• Spork
  • Headlamp
  • Headnet
  • Wilderness Disc Golf Disc (floating)
  • Camera Kit
  • Tripod
  • Spare batteries
  • Sunscreen
  • Sun glasses
  • Tarp/Space Blanket
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Overall rating: 

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I've never had a problem getting a last-minute permit for this area (though I've only tried for day hiking - not camping). As the author notes, this is an awesome jumping off point for a summit North Sister or Middle Sister. There's truthfully no "good way" to get up the mountain, just follow a few unmarked use trails up either the Collier Glacier or the Renfrew Glacier and aim for the top!

12 months ago
12 months ago

This is a really unique area to explore because of the large obsidian flows. It's very cool to walk through the flows - even the trail winding through the piles of volcanic rock looks neat! - and even more fun that you can explore the flows off-trail just by scrambling. All of this is paired with some great views of the Three Sisters, although I will admit there are better vantages in other (non-limited-entry) areas of the Three Sisters Wilderness. If you're worried about getting a permit, try going in October - the McKenzie Pass Highway remains open until November 1 most years, and there are far fewer people looking to hike or backpack in this area late in the season.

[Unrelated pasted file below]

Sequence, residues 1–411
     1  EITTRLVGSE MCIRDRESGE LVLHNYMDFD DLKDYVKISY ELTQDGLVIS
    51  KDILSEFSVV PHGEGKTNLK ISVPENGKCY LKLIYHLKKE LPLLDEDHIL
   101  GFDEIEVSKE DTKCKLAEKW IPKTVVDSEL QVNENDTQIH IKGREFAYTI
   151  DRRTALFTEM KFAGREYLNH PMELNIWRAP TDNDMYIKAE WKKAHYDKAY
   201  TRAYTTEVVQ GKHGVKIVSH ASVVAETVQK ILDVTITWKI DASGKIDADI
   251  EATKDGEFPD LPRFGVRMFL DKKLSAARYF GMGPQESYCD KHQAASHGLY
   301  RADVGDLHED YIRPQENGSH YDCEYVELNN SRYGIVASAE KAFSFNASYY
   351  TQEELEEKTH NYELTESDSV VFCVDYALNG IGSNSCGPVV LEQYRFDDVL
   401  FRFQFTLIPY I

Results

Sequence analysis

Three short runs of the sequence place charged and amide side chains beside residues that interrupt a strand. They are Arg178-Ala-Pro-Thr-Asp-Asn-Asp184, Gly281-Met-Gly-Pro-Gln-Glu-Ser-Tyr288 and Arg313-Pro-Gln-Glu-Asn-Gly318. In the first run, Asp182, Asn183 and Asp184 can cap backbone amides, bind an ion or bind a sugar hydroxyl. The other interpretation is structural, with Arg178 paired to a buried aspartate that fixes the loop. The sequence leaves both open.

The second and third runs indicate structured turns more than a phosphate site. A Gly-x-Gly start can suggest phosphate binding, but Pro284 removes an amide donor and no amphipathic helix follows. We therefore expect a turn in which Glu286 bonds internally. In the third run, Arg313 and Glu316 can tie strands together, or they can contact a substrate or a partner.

over 1 year ago
over 1 year ago

Went with a dear friend and my dog in late July and it was a prime time for wild flowers blooming everywhere along with springs and creeks (and Obsidian falls of course) in full force. Taking a side trip up the Middle Sister was also a big highlight and the meadow right before Scott Trail and PCT junction is astonishing! This trip is a MUST

over 1 year ago
over 1 year ago

Awesome hike, only problem was a lack of water sources in the late summer.

over 2 years ago
over 2 years ago

Chris Anderson

An avid outdoorsman and adventurer based in Eugene, Oregon. I love sharing adventures and featuring images from Landscapes, Nature and the Night Sky primarily from the Pacific Northwest.